THE RED CARPET by Dan Wickenden


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Wickenden has gone sour in this novel. What family life there is seems either completely small town stock -- or city decadence; his people have -- for this reader -- no reality; his plot is a twice told tale of a country boy come to the city there to have his dreams turn to dust. The story opens as Jason bids his high school sweetheart a final farewell and starts off for New York. Jackson Heights and his married sister's dreary apartment isn't exactly what he hoped; nor is it romantic to get a job through his brother-in-law. But he manages to fall for the wiles of an obvious platinum blonde, gets some drinks under his belt, is rescued by a poor-little-rich-boy and his charming wife (with whom of course he falls in love), finds a Greenwich Village basement ""apartment"", and sets out to see the town through a mist of love and liquor. I found it frightfully boring, neither young enough to be alluring nor mature enough to be cynically detached. At the end one assumes that Jason will seek his golden fleece in other marts before finding that it is home on the neighbor's porch.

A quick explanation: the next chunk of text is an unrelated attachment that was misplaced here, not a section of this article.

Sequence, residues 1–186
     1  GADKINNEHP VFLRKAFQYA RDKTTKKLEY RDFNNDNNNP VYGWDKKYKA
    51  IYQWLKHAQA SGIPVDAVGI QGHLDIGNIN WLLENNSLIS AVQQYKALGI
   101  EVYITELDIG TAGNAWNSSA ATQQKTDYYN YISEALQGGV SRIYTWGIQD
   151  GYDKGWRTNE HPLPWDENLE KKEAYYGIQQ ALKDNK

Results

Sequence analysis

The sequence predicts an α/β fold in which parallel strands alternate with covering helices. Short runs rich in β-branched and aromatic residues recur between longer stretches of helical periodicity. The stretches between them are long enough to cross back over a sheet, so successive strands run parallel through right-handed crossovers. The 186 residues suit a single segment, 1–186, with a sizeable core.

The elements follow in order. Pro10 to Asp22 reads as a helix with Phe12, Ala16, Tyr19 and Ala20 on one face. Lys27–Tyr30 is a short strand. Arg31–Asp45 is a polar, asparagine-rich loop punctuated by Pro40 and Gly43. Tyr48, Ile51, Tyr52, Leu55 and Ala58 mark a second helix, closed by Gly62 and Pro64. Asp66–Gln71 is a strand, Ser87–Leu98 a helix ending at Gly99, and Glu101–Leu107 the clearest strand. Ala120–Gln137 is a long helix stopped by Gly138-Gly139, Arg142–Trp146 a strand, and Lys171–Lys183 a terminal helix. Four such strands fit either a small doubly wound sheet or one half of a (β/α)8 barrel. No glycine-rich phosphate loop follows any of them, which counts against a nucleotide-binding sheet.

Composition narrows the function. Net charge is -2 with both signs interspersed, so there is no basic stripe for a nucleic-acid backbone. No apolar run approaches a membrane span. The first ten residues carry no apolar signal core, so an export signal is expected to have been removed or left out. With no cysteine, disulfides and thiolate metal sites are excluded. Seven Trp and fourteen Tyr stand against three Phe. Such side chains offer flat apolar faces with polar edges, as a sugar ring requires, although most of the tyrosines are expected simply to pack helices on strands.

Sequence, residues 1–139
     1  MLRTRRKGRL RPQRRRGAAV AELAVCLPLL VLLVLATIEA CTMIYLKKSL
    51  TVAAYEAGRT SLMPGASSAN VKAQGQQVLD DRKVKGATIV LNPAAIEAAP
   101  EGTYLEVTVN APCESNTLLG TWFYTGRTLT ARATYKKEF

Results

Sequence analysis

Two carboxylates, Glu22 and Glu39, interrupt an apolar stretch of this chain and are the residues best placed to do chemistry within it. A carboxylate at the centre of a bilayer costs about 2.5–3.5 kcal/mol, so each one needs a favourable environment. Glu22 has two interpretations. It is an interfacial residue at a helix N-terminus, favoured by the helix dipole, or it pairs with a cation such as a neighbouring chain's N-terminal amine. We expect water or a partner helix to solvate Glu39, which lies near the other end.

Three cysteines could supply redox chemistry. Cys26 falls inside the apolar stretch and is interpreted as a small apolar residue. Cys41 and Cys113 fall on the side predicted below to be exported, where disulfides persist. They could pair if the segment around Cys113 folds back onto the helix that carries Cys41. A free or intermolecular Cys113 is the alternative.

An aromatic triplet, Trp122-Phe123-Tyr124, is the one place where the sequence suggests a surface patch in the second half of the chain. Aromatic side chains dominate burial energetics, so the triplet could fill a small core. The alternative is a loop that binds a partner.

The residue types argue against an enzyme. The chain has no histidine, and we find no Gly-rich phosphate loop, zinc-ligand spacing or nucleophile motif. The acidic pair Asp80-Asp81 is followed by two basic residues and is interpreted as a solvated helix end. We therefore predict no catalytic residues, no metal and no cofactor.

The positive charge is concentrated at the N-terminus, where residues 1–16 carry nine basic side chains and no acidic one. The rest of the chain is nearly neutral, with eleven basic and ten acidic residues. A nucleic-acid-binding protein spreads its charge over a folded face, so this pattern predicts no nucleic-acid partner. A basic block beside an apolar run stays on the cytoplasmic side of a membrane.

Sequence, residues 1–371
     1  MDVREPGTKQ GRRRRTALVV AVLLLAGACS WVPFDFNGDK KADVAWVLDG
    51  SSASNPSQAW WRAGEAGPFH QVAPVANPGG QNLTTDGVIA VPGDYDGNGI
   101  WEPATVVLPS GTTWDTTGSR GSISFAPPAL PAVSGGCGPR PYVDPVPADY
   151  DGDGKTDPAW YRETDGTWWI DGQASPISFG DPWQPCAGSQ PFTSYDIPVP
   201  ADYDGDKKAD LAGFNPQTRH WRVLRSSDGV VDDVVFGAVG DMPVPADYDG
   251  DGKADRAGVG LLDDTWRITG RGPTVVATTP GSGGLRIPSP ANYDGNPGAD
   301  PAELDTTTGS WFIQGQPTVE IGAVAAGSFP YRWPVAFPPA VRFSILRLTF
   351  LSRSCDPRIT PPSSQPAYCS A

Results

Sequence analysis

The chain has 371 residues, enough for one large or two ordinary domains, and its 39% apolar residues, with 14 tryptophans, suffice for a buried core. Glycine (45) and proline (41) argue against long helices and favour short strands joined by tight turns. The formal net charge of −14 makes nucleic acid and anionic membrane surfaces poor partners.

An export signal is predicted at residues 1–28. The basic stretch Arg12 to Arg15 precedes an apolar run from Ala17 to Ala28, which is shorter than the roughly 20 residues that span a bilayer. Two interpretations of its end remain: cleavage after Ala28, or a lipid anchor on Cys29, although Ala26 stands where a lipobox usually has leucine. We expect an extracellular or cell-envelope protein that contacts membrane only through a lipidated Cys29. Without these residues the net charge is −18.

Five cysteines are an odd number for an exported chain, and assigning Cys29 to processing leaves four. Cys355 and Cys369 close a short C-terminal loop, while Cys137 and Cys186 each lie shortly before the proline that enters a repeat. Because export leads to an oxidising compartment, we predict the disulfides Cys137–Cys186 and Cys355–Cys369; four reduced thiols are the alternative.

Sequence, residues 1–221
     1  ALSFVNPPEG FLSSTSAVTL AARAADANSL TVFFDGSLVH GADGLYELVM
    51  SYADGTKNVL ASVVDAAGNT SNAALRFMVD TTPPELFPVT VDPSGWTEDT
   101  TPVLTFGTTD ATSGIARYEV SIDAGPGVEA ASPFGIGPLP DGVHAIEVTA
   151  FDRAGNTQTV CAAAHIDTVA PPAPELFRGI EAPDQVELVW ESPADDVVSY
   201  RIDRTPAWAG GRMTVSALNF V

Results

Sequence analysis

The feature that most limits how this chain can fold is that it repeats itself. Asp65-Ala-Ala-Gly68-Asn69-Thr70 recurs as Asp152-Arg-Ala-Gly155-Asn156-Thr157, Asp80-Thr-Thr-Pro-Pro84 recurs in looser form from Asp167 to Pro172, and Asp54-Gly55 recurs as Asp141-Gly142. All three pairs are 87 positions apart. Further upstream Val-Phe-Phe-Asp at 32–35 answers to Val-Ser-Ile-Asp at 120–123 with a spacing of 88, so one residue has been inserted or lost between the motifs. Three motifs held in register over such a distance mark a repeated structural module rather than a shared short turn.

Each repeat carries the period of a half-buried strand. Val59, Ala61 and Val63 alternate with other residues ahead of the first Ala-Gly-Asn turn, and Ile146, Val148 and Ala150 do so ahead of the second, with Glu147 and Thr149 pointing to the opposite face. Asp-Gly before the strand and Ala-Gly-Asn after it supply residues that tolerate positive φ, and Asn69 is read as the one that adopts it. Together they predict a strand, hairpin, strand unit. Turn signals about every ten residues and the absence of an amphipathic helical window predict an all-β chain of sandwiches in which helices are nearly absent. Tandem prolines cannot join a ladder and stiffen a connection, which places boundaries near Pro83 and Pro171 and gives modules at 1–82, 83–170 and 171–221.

Pub Date: June 4th, 1952
Publisher: Morrow